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CPS Approves Funding for Mentorship Programs in Schools

The Chicago Board of Education approved the use of $25 million in federal stimulus funding during its June board meeting to implement mentoring, safety and support initiatives for at-risk high school students and communities.

The new program, spearheaded by Mayor Richard M. Daley and Chicago Public Schools, will provide mentoring programs for 1,500 high school students and 390 “school community watchers” at 13 designated high schools, and support the creation of a “Culture of Calm” in 38 high schools where students are most at risk of violence, according to a press release from the mayor’s office.

“This is an effective use of the $25 million in stimulus money,” said David Simpson, director of counseling at Youth Guidance, one of the approved vendors to implement the mentoring program.“Funding a program which can help build relationships with difficult children is the only way of stopping them from dropping out of school.”

Simpson said this initiative is the first step taken by Youth Guidance and CPS towards implementing mentorship programs. His organization, which has been working with CPS since 1969, is a non-profit group geared towards assisting children overcome challenges associated with inner-city life through after-school programs.

In February 2010, CPS hosted a bidder’s conference where RFPs (request for proposal) for counseling programs were accepted from non-profit, church and private organizations and foundations. The CBOE and a Blue Ribbon Panel Committee chose 20 of those bidders to fulfill mentorship duties in 13 high schools designated as “high-risk” by the Chicago Police Department. CPS will now assign 50 to 100 students to each organization for counseling and guidance, bringing the mentor/student ratio to 1:20 for bigger organizations and 1:5 for small ones.

Wendell Floyd, a counselor for boys at William R. Harper High School in Englewood, said more mentors in the program will translate to a more hands-on approach to counseling and, in the long run, help build deeper personal relationships between mentors and mentees. Before the program was implemented, Floyd’s mentor/student ratio was 1:45.

“I was stretched pretty thin,” said Floyd.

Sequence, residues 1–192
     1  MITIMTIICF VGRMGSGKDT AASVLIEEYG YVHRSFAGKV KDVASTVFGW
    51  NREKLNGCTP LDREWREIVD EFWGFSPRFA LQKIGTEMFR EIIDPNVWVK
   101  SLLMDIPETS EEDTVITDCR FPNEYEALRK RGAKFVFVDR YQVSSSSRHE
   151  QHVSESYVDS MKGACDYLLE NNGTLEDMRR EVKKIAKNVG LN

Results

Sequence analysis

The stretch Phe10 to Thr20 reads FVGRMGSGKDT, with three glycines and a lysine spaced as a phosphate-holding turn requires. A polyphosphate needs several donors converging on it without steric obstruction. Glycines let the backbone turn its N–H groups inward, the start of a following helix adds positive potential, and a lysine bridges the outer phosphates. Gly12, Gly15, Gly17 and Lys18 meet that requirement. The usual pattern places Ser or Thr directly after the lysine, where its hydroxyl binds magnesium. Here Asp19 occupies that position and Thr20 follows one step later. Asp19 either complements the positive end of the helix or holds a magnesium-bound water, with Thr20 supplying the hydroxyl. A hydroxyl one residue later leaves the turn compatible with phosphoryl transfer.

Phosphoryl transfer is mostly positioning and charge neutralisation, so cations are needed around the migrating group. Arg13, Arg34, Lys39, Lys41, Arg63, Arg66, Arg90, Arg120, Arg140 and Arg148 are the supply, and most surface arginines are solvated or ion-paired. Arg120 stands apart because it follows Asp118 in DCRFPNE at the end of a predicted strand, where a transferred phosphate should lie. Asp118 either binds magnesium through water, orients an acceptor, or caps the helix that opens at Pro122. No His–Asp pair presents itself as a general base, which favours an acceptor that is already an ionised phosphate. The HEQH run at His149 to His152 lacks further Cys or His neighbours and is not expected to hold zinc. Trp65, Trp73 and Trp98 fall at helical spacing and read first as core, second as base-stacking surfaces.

“I’m happy to partner with CPS to bring consistency to students’ lives,” said Trisha Kholodenko, assistant pastor at New Life Foundation in Humboldt Park. “These children (at-risk youth) lack stability in their home and school and need role models besides their teachers. It is important for them to have mentors who treat them holistically by helping them find permanent housing, inspiring them to stay in school and assisting them with employment. They need to know their mentors want them to succeed.”

“CPS wants its mentors to be a permanent fixture in students’ lives. This has to be a long-term commitment in order for it to work,” said Joshua Gray, deputy of violence prevention initiatives for CPS. “Since the federal stimulus money will run out at the end of September 2011, we are looking for other mechanisms, like the foundation community of Chicago, to tap for funds to support the growth and development of this mentorship initiative.”

The 13 high schools designated as “high-risk” based on crime data, active gang conflicts and violent incidents involving CPS students are: Thomas Kelly High School, Chicago Vocational Career Academy, Manley and Marshall High School, Robeson Achievement Academy High School, Richard T. Crane Technical Preparatory High School, Harlan Community Academy High School, Farragut Career Academy, South Shore High School, Percy L. Julian High School, William R. Harper High School, Roberto Clemente School and Hyde Park Career Academy. These schools are concentrated in the South, West and Southwest Side communities of Chicago.

Student-led mentorship programs are also on the rise. Voices of Youth in Chicago Education is a collaborative of seven different neighborhood organizations whose work focuses on using upperclassmen to mentor freshmen and incoming freshmen in at-risk high school communities.

“Freshman year is the most crucial time in high school. Achievement and attendance improved after freshmen went on freshmen retreats and attended mentorship programs that addressed their social and emotional needs,” said Moneer Damra, a VOYCE mentor for boys and a senior at Theodore Roosevelt High School in the Northwest Side of Chicago. “Because of VOYCE programs, attendance went from 55 percent to 65 percent in a year.”

Damra, who spoke on behalf of VOYCE at the CBOE meeting last week, has been working to convince CPS to fund its mentorship programs. VOYCE has invited top CPS officials to attend presentations of results-driven programs it has implemented in several at-risk high schools. Damra said they have been stood up or turned down by CPS officials on several occasions.

“I feel like CPS does not believe in youth-led movements like ours. They would rather spend money on programs that don’t work,” said Damra. “Our program results show that it works. The $130,000 in funding we are requesting will go towards programs that will break the culture of mediocrity among the youth of today. It will show them that good enough is not ok. You need to do better in order to succeed.”

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